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Australia, NZ dlrs steady after slide, global gloom adds to easing case

SYDNEY, Oct 29 (Reuters) - The Australian and New Zealand dollars were picking up the pieces on Thursday after taking a beating overnight when coronavirus shutdowns in France and Germany spooked investors out of growth-sensitive assets globally.

The Aussie was taking stock at $0.7066, having shed 1.1% overnight to leave behind a peak of $0.7157. Still, it did manage to edge up from a trough of $0.7038 thanks to a bounce in U.S. stock futures.

It also avoided a break of major chart support at $0.7021, which would have been very bearish technically, but needs to get back above $0.7115 to be on firmer footing.

The kiwi dollar steadied at $0.6652, after falling 1.1% overnight from a top of $0.6720. It found support around $0.6630 but faces immediate resistance at $0.6660.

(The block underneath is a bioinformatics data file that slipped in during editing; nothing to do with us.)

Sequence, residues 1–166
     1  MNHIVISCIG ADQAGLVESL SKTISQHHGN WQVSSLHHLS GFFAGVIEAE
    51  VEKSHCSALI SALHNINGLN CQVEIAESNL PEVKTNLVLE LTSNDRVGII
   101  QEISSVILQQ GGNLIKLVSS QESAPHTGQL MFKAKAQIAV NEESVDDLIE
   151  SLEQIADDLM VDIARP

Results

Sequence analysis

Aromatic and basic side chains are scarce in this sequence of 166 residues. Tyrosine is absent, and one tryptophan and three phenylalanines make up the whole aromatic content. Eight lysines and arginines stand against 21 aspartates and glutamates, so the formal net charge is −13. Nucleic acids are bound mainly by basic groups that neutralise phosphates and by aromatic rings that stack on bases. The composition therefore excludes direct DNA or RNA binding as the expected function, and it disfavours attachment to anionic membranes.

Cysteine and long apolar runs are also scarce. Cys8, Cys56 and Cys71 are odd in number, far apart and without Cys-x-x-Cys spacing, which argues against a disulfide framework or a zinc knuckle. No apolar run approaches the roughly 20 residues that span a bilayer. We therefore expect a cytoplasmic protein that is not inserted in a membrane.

Both currencies had been sideswiped by a classic rush for safety as surging COVID-19 cases forced economic shutdowns that threatened market hopes for a global recovery.

While New Zealand and Australia have been relatively successful in containing the virus at home, both rely heavily on commodity exports leveraged to global activity.

“There is a high risk of a double-dip recession in the Eurozone because governments are reinstating broad-based lockdown measures,” said CBA economist Kim Mundy. “A weaker global economic backdrop will support USD.”

“The risk is still that AUD falls below $0.70 in the coming days.”

Bonds drew some safe haven support from the angst, with three-year futures marching all-time highs at 99.845 before edging back a touch to 99.835.

The renewed threat to world growth only adds to the case for further easing from the Reserve Bank of Australia (RBA) at its November policy meeting next week.

Markets have already largely priced in a cut in rates to 0.1% and a similar target for three-year bond yields, though there is less certainty about how much bonds the central bank might commit to buying as part of QE.

A Reuters poll produced a median forecast of around A$100 billion ($71.29 billion) in five- to 10-year bonds, though some analysts argued the RBA would avoid fixing itself to one number. 1.4027 Australian dollars) (Editing by Kim Coghill)